Bucket #1: “The Lay-Up” (0-1 Years)
This should be thought of as a rainy-day fund, and so taking little to no risk with the money you allocate here makes sense. By this we mean being focused on cash and having it be accessible quickly. This ensures you have options as things come up in life.
- Should be considered a “life buffer”
- Differs depending on your own personal situation, but a good general rule is enough cash on hand to cover anywhere from 3-12 months of expenses
- Allows you to avoid getting caught needing to use debt excessively in an emergency and avoid selling investments to fund expenses
- Examples: money market funds, savings accounts
Bucket #2: “The Mid-Range” (2-10 Years)
This bucket should not have too much cash due to the dangers of inflation over time, but the risks you are taking here should be carefully understood. Liquidity should still be a priority in case your situation changes. You should have access to these funds to remain flexible.
- Invested to ensure your money’s purchasing power keeps up with inflation
- Can be invested in a combination of preservation, income, and growth strategies depending on your situation
- Examples: individual or joint investment accounts, revocable trusts, health savings accounts
Bucket #3: “The Three Ball” (10+ Years)
This should be where your retirement accounts and long-term money focused on building your wealth are positioned. It is where you should take the most risk when you are younger and adjust accordingly as you get closer to retirement. If you fund the first two buckets sufficiently, you will not have to worry as much about market cycles. You can let your assets remain uninterrupted to participate in long-term compounding. By not interrupting that process, the results have the potential to be truly remarkable.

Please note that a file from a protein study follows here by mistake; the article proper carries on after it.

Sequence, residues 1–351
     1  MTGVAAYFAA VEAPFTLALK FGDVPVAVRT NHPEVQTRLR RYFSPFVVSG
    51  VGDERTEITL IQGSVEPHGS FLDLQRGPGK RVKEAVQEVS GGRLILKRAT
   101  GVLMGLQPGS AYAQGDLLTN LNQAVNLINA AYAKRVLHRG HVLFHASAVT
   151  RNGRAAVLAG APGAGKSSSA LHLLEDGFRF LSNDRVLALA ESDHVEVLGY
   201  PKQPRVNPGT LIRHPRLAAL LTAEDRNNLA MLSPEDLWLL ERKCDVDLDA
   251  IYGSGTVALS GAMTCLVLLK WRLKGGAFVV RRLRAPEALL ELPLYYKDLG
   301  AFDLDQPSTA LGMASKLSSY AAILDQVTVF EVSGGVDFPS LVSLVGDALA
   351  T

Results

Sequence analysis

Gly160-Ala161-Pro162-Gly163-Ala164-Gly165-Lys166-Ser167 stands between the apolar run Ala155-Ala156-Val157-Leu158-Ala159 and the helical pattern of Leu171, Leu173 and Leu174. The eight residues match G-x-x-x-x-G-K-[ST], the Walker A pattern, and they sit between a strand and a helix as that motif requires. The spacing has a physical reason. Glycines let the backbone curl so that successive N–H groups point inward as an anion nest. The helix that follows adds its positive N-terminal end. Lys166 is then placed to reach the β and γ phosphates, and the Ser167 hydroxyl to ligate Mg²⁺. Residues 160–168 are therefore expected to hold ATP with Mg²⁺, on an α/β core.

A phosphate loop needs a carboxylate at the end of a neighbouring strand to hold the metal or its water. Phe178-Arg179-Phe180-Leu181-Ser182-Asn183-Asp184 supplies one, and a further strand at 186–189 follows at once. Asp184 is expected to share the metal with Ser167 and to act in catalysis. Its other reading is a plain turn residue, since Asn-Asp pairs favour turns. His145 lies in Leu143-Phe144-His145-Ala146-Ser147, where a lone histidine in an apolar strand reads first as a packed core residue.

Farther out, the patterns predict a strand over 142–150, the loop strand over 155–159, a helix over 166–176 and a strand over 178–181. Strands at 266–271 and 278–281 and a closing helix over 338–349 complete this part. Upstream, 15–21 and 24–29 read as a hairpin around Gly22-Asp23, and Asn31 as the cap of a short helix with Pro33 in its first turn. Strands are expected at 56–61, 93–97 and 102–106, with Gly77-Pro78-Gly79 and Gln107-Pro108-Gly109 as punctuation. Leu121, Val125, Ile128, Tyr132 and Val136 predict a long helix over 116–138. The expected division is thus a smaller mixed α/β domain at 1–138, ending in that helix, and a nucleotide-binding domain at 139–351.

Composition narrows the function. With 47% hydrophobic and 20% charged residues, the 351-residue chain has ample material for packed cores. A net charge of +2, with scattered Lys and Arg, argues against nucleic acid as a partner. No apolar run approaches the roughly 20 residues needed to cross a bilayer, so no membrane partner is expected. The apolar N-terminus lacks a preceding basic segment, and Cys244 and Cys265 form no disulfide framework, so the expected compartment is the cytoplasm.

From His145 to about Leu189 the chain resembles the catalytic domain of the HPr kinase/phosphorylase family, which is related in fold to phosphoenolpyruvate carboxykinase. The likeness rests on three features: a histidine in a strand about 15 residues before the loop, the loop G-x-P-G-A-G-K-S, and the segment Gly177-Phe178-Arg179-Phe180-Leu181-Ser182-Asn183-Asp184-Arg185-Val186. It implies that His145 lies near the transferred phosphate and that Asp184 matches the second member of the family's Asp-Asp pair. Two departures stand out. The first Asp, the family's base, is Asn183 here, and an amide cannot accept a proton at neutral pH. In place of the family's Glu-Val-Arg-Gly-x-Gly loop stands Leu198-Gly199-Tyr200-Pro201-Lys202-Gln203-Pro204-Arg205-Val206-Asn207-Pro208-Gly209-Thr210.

- Should be focused on growth-oriented strategies to build long-term wealth the younger you are
- Once you build a strategy that fits your goals and personal situation you should not make frequent changes
- Examples: 401(k), Traditional IRA, Roth IRA, SEP IRA
It is important to understand the risks you are taking, and where you are taking them. Are those two factors aligned? Having an account to day trade is useful, but is that money you may need soon? What are the capital gains tax implications? Would a market sell-off keep you up at night? Are your retirement accounts invested to fit your timeline and goals? What bucket should fund a major expense like a home renovation? This approach can help you answer those questions and give you more confidence in your financial picture. By focusing on “getting buckets” now, you can make sure you’re not relying on heaving a half-court shot at the buzzer when it comes to your retirement.
Nobel laureates: Harry Markowitz, Paul Kaplan- Morningstar, July 20, 2018
Designing Your Clients Bucket Plan, Clarity 2 Prosperity, January 25th, 2021
The Bucket Investor’s Guide to Setting Asset Allocation for Retirement, Christine Benz- Morningstar, January 25th, 2021